Electrical connectors are a type of hardware that affixes to a receptacle to complete an electrical circuit and deliver electricity to a piece of equipment. This connection can be between two wires or a wire to a terminal. Crimping is a process used to join wire to wire or wire to terminal. Just as the name suggests, bonding occurs when one piece of metal is deformed and compressed tightly with another piece of metal. This process does not require any soldering, and involves the following steps and equipment:
Choosing the Right Equipment
You will need a specialized crimping tool. They can look similar to pliers or ratchets. Ratchet crimping tools are typically recommended over plier tools because they produce a more reliable crimp. In either case, crimpers are not one-size-fits-all. There are dozens of variations in shape and mechanical performance. The crimping tool you select will depend on the type and size of the terminal you are affixing. You will also need:
- High-quality crimp terminals: the electrical connection in which you will insert the wire.
- Stranded wire (not solid core): a metal wire comprised of several smaller wires.
- Heatshrink Tubing: a plastic tube used to insulate the joint between the electrical connector and the wire.
- Wire strippers: a small tool that removes a portion of the insulation on the outside of an electrical wire.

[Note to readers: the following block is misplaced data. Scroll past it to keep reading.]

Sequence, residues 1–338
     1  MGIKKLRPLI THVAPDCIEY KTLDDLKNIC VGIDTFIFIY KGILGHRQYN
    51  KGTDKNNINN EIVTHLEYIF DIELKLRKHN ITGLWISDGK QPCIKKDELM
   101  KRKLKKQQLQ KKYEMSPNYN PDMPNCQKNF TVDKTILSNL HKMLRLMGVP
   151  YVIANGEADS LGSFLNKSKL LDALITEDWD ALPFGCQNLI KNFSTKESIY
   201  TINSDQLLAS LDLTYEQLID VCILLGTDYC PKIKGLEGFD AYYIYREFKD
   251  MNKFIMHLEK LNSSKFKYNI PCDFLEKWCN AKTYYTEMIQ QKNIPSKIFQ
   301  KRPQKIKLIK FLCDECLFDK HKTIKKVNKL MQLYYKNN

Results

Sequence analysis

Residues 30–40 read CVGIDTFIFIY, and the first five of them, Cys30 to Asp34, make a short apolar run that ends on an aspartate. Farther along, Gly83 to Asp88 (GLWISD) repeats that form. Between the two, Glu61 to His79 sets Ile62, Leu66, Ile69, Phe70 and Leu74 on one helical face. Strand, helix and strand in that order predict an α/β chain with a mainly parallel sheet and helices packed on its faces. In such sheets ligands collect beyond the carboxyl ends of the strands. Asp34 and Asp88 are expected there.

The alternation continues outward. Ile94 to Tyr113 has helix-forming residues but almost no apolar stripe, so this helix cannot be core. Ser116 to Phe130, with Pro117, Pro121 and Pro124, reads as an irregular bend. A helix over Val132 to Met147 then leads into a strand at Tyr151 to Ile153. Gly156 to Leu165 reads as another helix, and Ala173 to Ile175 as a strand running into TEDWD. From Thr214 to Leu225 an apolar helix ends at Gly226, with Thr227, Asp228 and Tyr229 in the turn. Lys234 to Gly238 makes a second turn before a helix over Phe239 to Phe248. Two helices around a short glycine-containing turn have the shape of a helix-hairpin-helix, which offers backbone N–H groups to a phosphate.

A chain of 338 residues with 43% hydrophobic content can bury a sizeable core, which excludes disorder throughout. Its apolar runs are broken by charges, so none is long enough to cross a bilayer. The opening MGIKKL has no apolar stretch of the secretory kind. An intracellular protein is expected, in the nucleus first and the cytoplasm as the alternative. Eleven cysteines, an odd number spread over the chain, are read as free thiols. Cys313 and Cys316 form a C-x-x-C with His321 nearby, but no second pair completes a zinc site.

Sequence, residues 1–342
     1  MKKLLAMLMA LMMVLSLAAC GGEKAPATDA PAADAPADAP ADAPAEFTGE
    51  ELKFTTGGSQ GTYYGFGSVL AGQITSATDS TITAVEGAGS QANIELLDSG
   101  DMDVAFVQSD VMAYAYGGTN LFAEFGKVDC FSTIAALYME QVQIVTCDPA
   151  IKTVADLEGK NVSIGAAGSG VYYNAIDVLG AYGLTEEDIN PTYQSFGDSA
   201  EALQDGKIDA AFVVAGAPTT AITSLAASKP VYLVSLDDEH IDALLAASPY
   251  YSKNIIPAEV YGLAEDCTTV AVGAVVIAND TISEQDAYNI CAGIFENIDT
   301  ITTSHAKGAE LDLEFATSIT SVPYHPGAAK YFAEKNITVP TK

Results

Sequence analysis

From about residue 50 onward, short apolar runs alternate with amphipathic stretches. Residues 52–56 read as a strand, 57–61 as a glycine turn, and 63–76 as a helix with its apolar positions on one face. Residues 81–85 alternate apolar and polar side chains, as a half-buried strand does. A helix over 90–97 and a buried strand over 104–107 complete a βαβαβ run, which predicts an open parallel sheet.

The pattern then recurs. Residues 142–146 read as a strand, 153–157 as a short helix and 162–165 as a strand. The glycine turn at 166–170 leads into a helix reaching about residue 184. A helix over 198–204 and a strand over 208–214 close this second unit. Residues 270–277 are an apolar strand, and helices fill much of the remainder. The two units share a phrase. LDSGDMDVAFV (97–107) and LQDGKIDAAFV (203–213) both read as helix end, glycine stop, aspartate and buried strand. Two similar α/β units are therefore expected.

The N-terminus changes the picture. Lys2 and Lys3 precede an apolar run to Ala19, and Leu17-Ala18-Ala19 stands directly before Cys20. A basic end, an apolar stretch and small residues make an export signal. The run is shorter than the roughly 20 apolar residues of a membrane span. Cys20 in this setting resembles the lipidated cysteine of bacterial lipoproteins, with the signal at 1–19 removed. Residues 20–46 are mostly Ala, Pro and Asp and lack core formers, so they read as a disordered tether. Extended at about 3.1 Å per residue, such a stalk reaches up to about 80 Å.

Crimping Electrical Connectors
- Strip the Wire: Use the stripping tool to strip the end of the stranded wire, being careful not to damage the conductors. The packaging of the crimp terminals may indicate how much of the wire needs to be stripped.
- Insert the Wire: Insert the stripped wire inside the crimp terminal and place both pieces into the crimping tool. Sometimes it’s easier to put the crimp terminal into the tool first and insert the wire after. Check to make sure the wiring and terminal are properly aligned.
- Crimp the Wire and Terminal: If using a ratchet, cycle the tool until it releases. If using a plier, you may need to crimp terminals twice (the conductor end first and the insulation second), potentially with different settings to make a secure bond.
- Inspect the Bond: Remove the wire and crimp terminal from the tool and assess the crimp to ensure both pieces gripped together properly. A small tug should do the trick.
- Heatshrink the Joint: Slide the tubing over the joint and (if necessary) use a heat gun to shrink the plastic, encapsulating the newly-crimped connection. Be sure to check that the sleeving is not interfering with the terminal end of the crimp.
When it comes to electrical wiring, a lot can go wrong. Your safest and most cost-effective choice is to purchase crimped electrical connectors off-the-shelf or custom-designed through a reliable OEM like iCONN Systems. We offer a large selection of electrical connectors and specialize in custom-designed connectors that stand up to even the most extreme applications.